Home Business Money Matters

Salt Lake City Targets 2030 Winter Olympics Bid

1171
0
In this Feb. 9, 2002, file photo, Georg Hackl, of Germany, speeds past an Olympic logo during a practice run for the men's singles luge at the 2002 Salt Lake City Winter Olympics in Park City, Utah. Photo: AP Photo / Elise Amendola

Salt Lake City will target a bid for the 2030 Winter Olympics and Paralympics, it has been reported.

Utah’s capital hosted the Games in 2002, when Norway finished top of the medals table, and the belief is that the city would be a good economic choice as previous venues could be revamped and utilized.

Speaking to Fox 13, co-chair of the city’s Exploratory Committee Fraser Bullock, who was the chief operating officer of the 2002 Winter Olympics, said that hosting the Games would cost between $1.5 billion and $1.6 billion, including the upgrades to the 2002 venues.

Fraser believes that would be around $400 million less than the cost of building venues from scratch.

“We have the venues built,” he said.

“We can economize in many ways to make that budget work.”

The United States Olympic Committee chief executive, Scott Blackmun, said earlier this month that there would be “significant challenges” with US cities bidding for the 2026 Games as it comes just two years before Los Angeles hosts the Summer Games in 2028.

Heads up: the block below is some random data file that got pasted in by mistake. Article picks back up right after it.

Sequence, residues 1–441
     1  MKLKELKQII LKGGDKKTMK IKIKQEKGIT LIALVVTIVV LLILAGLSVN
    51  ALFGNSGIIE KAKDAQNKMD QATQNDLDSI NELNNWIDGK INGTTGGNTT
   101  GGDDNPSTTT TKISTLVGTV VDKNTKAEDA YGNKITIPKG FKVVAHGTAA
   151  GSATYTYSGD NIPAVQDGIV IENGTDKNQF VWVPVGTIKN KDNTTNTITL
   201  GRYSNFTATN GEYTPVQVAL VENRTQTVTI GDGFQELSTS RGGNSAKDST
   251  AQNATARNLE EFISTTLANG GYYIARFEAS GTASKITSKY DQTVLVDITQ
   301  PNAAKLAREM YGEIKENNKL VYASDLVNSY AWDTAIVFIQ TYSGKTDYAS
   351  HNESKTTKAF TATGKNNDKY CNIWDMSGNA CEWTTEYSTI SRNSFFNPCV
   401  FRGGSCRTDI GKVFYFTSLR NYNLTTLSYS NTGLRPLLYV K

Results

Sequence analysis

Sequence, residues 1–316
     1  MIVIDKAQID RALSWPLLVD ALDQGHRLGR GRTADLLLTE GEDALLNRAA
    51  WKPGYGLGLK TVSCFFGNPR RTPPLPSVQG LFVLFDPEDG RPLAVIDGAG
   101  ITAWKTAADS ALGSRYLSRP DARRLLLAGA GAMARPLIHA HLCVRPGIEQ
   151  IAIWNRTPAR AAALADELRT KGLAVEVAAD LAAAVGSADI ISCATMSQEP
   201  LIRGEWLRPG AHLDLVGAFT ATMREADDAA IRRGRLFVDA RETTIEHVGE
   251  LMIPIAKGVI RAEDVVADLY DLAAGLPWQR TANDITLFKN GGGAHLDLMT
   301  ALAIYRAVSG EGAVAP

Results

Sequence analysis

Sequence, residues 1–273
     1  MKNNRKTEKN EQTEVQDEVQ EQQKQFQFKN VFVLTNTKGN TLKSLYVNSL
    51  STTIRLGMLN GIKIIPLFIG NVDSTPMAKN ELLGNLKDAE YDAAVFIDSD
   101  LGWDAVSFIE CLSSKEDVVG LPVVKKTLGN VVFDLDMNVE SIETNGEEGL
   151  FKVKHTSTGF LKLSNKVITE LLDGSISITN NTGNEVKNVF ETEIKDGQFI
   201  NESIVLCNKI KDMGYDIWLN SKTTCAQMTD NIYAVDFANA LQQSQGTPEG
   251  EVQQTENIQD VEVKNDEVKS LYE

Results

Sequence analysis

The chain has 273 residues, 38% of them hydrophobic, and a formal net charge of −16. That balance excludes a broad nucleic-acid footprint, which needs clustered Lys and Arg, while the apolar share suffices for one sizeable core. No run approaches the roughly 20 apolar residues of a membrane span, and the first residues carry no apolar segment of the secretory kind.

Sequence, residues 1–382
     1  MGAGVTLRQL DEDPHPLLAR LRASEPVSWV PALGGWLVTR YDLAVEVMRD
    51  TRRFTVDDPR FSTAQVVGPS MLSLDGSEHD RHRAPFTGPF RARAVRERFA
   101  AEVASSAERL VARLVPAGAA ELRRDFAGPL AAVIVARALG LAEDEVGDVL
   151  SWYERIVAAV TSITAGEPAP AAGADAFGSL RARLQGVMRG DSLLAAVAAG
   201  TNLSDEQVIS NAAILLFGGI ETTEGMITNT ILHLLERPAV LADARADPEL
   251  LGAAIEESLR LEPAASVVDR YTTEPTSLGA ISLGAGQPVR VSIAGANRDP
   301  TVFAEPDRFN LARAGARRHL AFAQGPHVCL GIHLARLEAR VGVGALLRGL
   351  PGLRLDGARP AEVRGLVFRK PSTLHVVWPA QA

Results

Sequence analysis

“We are leaning more in the 2030 direction,” he said.

America has hosted the Winter Olympics on four occasions – at Lake Placid in 1932 and 1980, Squaw Valley in 1960 and Salt Lake City in 2002.

The build-up to Salt Lake City 2002 was overshadowed by a vote-buying scandal, which led to the expulsion of 10 International Olympic Committee members with another 10 sanctioned.

Reno and Denver are two other US cities exploring a possible bid for future editions of the Winter Olympics.

By Thomas Giles

Republished with permission from insidethegames.biz

LEAVE A REPLY

Please enter your comment!
Please enter your name here

This site uses Akismet to reduce spam. Learn how your comment data is processed.